This OHE Occasional Paper by Adrian Towse discusses Professor Bengt Jönsson’s observations in a 2011 publication about the role of relative effectiveness research (RE) in the European medicines market and how this could lead to improved efficiency in the development of medicines, the pricing and use of medicines, and of health systems. To ensure value for money, understanding actual use of medicines in the health care system is an essential supplement to information from clinical trials. To move in this direction, the author sets out the efficiency criteria that would need to be met. He defines a deceptively simple challenge: creating an environment where choice of therapy is based on an optimal amount of evidence from relative effectiveness research that is generated and used efficiently across health care systems both within Europe and as between the US and Europe. He identifies three sets of changes that must occur to meet the challenge:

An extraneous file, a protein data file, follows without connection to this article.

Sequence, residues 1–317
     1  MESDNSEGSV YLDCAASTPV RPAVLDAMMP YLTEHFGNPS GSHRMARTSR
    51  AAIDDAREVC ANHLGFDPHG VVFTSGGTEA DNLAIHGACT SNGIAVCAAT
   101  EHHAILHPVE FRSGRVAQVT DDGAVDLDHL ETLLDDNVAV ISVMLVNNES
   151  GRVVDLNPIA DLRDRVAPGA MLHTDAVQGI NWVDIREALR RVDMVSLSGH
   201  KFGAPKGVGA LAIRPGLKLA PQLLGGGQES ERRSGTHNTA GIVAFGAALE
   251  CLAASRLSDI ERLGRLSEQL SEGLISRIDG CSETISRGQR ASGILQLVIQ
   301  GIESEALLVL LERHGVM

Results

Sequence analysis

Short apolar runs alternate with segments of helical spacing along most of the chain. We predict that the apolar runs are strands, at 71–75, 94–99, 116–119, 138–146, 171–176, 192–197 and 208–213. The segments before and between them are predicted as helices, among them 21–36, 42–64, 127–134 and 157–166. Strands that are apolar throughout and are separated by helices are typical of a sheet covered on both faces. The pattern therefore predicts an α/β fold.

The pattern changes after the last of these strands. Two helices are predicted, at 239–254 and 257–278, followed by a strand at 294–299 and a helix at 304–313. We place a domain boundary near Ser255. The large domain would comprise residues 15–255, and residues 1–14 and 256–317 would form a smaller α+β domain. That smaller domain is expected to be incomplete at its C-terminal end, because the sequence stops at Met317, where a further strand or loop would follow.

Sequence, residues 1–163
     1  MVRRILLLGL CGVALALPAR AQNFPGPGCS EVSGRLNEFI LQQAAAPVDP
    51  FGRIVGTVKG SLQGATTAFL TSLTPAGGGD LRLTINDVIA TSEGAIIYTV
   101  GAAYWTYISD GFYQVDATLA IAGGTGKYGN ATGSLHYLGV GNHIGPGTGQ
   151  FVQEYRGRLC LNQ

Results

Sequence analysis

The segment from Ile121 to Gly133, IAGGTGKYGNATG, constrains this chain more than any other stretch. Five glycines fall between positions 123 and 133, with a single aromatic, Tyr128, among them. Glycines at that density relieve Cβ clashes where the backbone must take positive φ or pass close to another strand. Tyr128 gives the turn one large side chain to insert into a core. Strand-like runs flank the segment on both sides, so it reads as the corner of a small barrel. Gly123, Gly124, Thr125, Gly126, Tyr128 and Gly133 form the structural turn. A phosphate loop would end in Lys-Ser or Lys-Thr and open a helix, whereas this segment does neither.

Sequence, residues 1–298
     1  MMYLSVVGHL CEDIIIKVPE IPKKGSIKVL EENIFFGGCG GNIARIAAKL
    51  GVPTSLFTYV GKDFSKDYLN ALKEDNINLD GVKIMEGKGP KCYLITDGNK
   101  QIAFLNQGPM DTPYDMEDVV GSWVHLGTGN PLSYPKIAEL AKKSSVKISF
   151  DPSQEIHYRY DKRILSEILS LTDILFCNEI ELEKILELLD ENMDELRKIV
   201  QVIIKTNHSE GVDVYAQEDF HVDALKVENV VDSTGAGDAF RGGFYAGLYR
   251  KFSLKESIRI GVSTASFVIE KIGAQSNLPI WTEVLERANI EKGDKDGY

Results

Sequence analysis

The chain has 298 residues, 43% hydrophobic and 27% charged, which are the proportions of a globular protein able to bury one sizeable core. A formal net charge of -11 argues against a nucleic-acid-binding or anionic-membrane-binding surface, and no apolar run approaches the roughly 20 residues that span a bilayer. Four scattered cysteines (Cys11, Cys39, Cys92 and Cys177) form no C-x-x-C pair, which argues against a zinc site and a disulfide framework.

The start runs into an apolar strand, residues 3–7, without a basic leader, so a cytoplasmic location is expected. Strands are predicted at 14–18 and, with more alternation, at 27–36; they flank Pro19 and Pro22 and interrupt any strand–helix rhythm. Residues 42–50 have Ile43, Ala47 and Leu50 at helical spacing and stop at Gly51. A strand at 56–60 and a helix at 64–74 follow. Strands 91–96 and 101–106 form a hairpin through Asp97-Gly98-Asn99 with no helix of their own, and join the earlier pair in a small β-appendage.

1. A new drug development paradigm supported by regulatory authorities, HTA agencies and pharmaceutical companies that encourages the efficient collection of RE data before and after a medicine reaches the market.
2. Concerted efforts to eliminate the currently costly duplication across countries in infrastructure and RE-based assessments.
3. Understanding how and how well individual health systems use and benefit from new medicines, both to identify when expected differences mean country-specific RE may be needed and help identify instances where health systems use treatments inefficiently.
The author notes that ‘appraisal of RE evidence should edge both parties towards efficient pricing and use of a new drug on the assumption that pricing and use will reflect value and, as evidence of value changes, so will price and use.’ He believes EU reforms can encourage improved efficiency in various ways. He is somewhat less optimistic about trans-Atlantic convergence, although he argues that, ironically, convergence on the mutual use of CER/RE evidence could occur before convergence of FDA and EMA approaches to efficacy and relative efficacy.